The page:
9/11 first responders have an elevated risk of heart disease
Researchers have determined that New York City firefighters exposed to 9/11 World Trade Center (WTC) dust have an increased risk of cardiovascular disease (CVD).
According to the study, the first responders on the scene have a 44-percent higher risk of CVD compared to firefighters who arrived when the airborne dust was not as thick.
Study lead author Dr. David J. Prezant is a professor at Albert Einstein College of Medicine, a pulmonary disease specialist at Montefiore Health System, and the chief medical officer for the Fire Department of the City of New York (FDNY).
“The increase in risk was significant, even taking into account known CVD risk factors such as age, hypertension, elevated cholesterol, diabetes, and smoking,” said Dr. Prezant.
Earlier studies linked WTC exposure to a higher risk of blood cancer and autoimmune rheumatologic diseases. Dr. Prezant said the research collectively “highlights the need to add these health conditions to the list of WTC-related diseases that are coverable under the James L. Zadroga 9/11 Health and Compensation Act.”
The current study was focused on 9,796 male firefighters who worked at the WTC site. Most were non-smokers with an average age of 40 on September 11, 2001.
The researchers divided the firefighters into four groups: those who first arrived at the WTC site during the morning of 9/11, those who first arrived that afternoon, those who first arrived on September 12, and those who first arrived between days 3 and 14.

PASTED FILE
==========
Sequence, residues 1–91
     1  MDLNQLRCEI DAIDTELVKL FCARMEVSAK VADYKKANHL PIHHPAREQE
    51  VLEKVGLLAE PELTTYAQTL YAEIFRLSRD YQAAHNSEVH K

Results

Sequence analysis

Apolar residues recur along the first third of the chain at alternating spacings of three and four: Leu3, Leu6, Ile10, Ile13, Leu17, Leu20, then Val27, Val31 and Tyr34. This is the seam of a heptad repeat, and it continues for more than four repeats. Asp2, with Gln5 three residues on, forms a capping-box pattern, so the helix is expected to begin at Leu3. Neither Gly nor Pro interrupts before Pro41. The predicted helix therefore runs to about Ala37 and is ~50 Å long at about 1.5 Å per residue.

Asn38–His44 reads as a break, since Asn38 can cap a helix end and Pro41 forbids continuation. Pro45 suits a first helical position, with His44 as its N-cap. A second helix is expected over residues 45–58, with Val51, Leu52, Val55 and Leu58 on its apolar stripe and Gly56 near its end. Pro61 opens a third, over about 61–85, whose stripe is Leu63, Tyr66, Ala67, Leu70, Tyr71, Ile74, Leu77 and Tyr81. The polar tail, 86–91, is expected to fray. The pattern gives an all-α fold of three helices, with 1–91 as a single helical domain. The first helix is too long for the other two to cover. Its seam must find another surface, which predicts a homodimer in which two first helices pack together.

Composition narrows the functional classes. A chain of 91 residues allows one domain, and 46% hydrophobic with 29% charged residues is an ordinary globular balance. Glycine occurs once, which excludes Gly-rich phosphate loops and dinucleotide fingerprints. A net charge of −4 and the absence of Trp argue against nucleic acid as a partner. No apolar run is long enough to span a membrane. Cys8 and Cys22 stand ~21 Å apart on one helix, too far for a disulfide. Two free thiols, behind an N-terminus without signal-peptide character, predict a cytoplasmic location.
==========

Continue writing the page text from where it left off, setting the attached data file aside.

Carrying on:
The experts also reviewed 16 years of medical records, physician exams, and questionnaires to assess the participants for primary and secondary CVD events.
Firefighters who arrived during and immediately after the WTC collapse were found to have a 44-percent higher risk of experiencing primary and secondary CVD events compared with those who arrived on September 12 or later.
In addition, firefighters who worked at the WTC site for six months or more were 30 percent more likely to experience a primary or secondary CVD event. These associations remained statistically significant regardless of other factors, such as age, race, hypertension, elevated cholesterol, diabetes, smoking, and probable PTSD.
“An important message is that new chest pain in this group should not automatically be attributed to well-known WTC-related illnesses, such as acid reflux or obstructive airway disease. It might very well be associated with CVD,” said Dr. Prezant.
“Our results emphasize why it is crucial to monitor the long-term health of anyone exposed to massive environmental disasters, even many years after the event,” added study co-lead author Dr. Rachel Zeig-Owens. “By screening for and treating the other CVD risk factors – such as elevated cholesterol, hypertension, obesity, and smoking – we are able to lower the overall risk of CVD in those most exposed to the World Trade Center disaster.”
The study is published in the journal JAMA Network Open.
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